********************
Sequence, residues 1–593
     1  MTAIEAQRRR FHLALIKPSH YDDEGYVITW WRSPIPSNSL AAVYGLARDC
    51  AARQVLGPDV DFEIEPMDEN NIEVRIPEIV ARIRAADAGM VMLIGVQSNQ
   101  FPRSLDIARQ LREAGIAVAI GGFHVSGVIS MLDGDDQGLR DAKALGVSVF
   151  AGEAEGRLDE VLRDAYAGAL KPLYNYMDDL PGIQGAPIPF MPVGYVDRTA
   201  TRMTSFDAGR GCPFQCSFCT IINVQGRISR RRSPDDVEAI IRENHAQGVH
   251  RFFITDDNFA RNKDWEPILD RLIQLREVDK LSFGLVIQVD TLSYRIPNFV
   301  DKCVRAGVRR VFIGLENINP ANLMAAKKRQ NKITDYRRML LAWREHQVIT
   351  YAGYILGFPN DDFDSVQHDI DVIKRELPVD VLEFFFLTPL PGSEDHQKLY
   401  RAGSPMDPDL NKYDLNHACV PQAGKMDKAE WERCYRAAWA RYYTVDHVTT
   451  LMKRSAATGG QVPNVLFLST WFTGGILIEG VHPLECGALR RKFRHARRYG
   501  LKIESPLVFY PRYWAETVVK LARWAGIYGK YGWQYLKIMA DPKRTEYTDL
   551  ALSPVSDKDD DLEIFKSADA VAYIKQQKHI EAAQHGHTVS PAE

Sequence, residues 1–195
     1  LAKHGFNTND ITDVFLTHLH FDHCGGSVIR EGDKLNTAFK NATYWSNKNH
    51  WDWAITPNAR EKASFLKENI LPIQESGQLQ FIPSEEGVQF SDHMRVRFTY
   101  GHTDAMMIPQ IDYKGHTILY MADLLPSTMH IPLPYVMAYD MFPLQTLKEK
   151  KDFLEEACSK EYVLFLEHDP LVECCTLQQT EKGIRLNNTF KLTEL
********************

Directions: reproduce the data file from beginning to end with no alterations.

Sequence, residues 1–593
     1  MTAIEAQRRR FHLALIKPSH YDDEGYVITW WRSPIPSNSL AAVYGLARDC
    51  AARQVLGPDV DFEIEPMDEN NIEVRIPEIV ARIRAADAGM VMLIGVQSNQ
   101  FPRSLDIARQ LREAGIAVAI GGFHVSGVIS MLDGDDQGLR DAKALGVSVF
   151  AGEAEGRLDE VLRDAYAGAL KPLYNYMDDL PGIQGAPIPF MPVGYVDRTA
   201  TRMTSFDAGR GCPFQCSFCT IINVQGRISR RRSPDDVEAI IRENHAQGVH
   251  RFFITDDNFA RNKDWEPILD RLIQLREVDK LSFGLVIQVD TLSYRIPNFV
   301  DKCVRAGVRR VFIGLENINP ANLMAAKKRQ NKITDYRRML LAWREHQVIT
   351  YAGYILGFPN DDFDSVQHDI DVIKRELPVD VLEFFFLTPL PGSEDHQKLY
   401  RAGSPMDPDL NKYDLNHACV PQAGKMDKAE WERCYRAAWA RYYTVDHVTT
   451  LMKRSAATGG QVPNVLFLST WFTGGILIEG VHPLECGALR RKFRHARRYG
   501  LKIESPLVFY PRYWAETVVK LARWAGIYGK YGWQYLKIMA DPKRTEYTDL
   551  ALSPVSDKDD DLEIFKSADA VAYIKQQKHI EAAQHGHTVS PAE

Sequence, residues 1–195
     1  LAKHGFNTND ITDVFLTHLH FDHCGGSVIR EGDKLNTAFK NATYWSNKNH
    51  WDWAITPNAR EKASFLKENI LPIQESGQLQ FIPSEEGVQF SDHMRVRFTY
   101  GHTDAMMIPQ IDYKGHTILY MADLLPSTMH IPLPYVMAYD MFPLQTLKEK
   151  KDFLEEACSK EYVLFLEHDP LVECCTLQQT EKGIRLNNTF KLTEL